In at least one way, wooden residential fences are like most other home improvement projects. The more you put into design and construction details, the more you get back. If you’d like a distinctive, beautiful and long lasting fence then click through our gallery of design tips.
Great fences can look quite different from one another, yet they have one thing in common. Even though they’re typically made from standard construction lumber, they don’t look like it. And this visual trick springs from tasteful application of details like curves, trim and post caps. Think of your fence as a permanently rooted piece of furniture for your lawn and you’ll get the picture.
You’ve got to be a very experience fence builder to improvise a beautiful design on site. That’s why you need to sit down with a pad of graph paper or a graphics program on your PC and settle on details using scale drawings. The greatest advantage of having a well-formulated plan is the piece of mind it brings. If your fence looks good on paper, you can build with confidence.
Start by deciding on the big things such as fence height as well as post height and spacing. After these are settled then refine your ideas for post designs, picket shape and gate styles.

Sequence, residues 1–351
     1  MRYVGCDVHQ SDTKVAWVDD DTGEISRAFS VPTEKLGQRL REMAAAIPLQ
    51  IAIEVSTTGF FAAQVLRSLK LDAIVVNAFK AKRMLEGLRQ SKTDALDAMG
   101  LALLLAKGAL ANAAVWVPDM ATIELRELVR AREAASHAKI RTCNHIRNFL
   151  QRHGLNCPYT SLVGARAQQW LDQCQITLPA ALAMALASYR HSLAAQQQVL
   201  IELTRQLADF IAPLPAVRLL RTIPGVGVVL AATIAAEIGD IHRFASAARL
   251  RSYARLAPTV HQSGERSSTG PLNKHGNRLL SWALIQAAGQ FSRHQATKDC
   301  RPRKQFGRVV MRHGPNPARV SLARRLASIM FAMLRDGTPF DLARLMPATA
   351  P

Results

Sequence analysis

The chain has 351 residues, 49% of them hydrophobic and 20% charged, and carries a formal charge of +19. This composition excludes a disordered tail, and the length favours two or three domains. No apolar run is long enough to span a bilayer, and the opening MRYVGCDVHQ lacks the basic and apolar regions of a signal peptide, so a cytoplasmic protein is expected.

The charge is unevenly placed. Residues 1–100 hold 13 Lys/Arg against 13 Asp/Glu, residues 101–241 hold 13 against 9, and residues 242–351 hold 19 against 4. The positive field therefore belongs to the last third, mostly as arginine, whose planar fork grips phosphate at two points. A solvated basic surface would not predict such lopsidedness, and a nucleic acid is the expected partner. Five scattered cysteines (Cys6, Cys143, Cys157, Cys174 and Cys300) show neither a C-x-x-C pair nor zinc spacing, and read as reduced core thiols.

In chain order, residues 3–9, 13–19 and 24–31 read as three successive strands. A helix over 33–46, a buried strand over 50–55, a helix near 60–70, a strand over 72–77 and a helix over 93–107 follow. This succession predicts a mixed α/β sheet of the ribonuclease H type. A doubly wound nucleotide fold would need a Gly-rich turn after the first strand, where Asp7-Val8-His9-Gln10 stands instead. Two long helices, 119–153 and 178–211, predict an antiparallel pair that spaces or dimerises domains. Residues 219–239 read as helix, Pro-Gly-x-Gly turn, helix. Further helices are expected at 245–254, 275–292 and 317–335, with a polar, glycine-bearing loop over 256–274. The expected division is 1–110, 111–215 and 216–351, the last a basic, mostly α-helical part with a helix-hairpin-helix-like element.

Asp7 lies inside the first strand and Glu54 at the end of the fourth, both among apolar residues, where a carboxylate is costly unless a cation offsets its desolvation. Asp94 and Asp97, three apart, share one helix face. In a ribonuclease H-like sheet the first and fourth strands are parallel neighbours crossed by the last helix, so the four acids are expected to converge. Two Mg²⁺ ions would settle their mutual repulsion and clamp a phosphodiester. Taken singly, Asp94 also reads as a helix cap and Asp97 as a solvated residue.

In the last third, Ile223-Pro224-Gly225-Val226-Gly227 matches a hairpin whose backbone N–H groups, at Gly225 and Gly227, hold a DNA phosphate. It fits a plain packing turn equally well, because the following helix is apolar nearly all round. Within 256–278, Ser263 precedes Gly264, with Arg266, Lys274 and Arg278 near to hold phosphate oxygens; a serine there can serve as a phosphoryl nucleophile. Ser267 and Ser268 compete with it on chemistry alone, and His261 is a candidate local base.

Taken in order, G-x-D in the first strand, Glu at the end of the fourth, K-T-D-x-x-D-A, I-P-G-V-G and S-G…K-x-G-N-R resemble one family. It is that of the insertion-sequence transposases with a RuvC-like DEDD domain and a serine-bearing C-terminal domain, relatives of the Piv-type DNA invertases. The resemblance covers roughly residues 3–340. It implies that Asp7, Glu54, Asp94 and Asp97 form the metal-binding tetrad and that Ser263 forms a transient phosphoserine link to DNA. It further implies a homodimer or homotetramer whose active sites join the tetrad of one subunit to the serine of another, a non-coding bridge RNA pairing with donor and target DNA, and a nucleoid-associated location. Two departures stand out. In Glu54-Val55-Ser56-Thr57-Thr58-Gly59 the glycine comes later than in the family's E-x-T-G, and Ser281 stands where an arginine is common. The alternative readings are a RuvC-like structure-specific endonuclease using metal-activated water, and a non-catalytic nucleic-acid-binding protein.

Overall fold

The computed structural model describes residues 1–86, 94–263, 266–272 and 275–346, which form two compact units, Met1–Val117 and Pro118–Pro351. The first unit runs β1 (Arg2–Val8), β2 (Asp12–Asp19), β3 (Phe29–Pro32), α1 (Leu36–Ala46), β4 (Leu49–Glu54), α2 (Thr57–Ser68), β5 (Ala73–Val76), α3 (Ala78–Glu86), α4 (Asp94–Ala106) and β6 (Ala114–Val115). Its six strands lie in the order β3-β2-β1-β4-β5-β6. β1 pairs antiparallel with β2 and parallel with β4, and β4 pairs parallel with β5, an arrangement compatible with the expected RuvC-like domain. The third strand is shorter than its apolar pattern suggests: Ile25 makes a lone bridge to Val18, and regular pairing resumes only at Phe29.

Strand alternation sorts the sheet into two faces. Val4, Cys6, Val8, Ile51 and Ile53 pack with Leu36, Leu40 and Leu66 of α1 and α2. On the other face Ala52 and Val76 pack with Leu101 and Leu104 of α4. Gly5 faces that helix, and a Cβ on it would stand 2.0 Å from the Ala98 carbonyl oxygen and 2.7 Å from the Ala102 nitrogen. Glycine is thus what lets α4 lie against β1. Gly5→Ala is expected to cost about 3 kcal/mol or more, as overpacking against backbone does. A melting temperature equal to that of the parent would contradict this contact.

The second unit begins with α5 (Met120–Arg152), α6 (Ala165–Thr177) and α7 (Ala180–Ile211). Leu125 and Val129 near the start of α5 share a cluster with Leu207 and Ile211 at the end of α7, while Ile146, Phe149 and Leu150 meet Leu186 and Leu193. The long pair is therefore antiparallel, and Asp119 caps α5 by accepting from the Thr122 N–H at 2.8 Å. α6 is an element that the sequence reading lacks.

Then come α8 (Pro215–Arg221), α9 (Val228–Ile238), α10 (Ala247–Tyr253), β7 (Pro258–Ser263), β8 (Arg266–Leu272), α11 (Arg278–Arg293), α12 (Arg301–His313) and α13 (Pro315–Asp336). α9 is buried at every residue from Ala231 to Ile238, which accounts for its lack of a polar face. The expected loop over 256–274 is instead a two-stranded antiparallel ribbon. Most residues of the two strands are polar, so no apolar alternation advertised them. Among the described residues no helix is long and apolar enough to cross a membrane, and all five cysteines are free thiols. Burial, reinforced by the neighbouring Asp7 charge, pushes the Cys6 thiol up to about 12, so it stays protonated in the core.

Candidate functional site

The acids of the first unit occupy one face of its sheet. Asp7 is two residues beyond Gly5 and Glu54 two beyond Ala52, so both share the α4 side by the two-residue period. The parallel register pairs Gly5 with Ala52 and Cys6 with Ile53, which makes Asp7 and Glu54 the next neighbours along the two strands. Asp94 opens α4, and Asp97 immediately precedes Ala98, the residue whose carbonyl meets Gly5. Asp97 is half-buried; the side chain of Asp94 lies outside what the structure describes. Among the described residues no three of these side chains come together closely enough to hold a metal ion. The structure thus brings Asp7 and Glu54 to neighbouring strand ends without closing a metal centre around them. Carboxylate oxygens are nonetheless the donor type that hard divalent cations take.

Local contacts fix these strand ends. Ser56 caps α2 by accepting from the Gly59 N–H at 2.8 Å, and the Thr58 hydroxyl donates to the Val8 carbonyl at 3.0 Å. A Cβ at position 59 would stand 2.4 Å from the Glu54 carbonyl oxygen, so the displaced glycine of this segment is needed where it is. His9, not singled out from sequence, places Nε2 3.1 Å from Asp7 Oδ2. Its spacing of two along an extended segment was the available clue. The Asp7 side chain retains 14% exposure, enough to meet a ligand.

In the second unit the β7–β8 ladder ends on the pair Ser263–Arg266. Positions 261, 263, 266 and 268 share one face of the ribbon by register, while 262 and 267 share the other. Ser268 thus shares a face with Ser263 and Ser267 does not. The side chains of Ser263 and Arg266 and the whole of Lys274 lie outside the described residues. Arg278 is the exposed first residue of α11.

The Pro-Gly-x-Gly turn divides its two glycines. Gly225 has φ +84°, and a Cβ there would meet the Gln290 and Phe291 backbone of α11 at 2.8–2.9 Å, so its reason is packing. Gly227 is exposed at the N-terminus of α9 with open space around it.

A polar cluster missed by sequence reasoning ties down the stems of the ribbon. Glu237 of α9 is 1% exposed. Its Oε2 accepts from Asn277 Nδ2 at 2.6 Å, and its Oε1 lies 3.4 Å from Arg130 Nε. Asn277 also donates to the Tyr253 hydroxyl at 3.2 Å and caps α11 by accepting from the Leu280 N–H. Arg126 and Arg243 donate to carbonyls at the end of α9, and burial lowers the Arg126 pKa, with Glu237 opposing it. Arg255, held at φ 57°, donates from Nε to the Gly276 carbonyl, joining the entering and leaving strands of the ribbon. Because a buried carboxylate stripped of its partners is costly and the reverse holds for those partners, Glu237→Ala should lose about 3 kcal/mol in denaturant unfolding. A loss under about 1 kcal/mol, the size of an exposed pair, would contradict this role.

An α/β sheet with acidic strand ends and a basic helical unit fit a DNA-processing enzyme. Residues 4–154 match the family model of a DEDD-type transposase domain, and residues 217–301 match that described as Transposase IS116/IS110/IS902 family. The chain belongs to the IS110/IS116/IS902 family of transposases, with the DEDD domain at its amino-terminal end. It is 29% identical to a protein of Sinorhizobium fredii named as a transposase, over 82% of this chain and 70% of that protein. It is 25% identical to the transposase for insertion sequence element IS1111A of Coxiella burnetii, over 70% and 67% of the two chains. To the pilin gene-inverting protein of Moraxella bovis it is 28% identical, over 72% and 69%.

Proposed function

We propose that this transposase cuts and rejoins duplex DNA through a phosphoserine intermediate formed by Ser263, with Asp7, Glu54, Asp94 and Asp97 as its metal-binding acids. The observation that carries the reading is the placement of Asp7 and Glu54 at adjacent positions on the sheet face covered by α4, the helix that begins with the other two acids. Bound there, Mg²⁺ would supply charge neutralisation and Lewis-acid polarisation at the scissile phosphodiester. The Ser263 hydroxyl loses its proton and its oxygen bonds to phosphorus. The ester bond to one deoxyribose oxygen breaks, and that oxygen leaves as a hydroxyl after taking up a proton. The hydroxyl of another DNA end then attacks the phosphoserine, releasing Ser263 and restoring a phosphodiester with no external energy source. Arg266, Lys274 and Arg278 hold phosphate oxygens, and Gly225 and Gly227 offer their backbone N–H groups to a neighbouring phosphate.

Premium Visual Details
Consider the following visual details when planning the fence:
- One of the best places to add visual detail is on corner posts and posts flanking gates.
- Many traditional cabinet-making details, like flutes, crown mouldings and caps, can be applied here, helping vault your fence to premium status.
- And even if you do nothing else, the tops of posts absolutely demand attention. You just can’t leave them cut off square. One simple, yet elegant approach is the pyramid top. Four angled cuts, 25 degrees from square, converging at a centre point makes an attractive finale.
- The sliding compound mitre saw is an ideal tool for cutting these facets, but you’ll still need to fine-tune the cuts with a belt sander.
- Check out Garden Structure for more online ideas on fence, gazebo and arbour plans. Another valubale design source is the book Wooden Fences by George Nash
Fastening Rails to Posts
As you decide on fence design, there comes a point when horizontal rails must fasten to the vertical posts you’ve installed.
The quick-and-dirty approach to this challenge involves toenailing the rails in place or securing them to posts with metal clips.
An elegant alternative uses routed pockets that surround the ends of the rails and hold them in place. A shop-built plywood routing pattern makes quick work of this operation.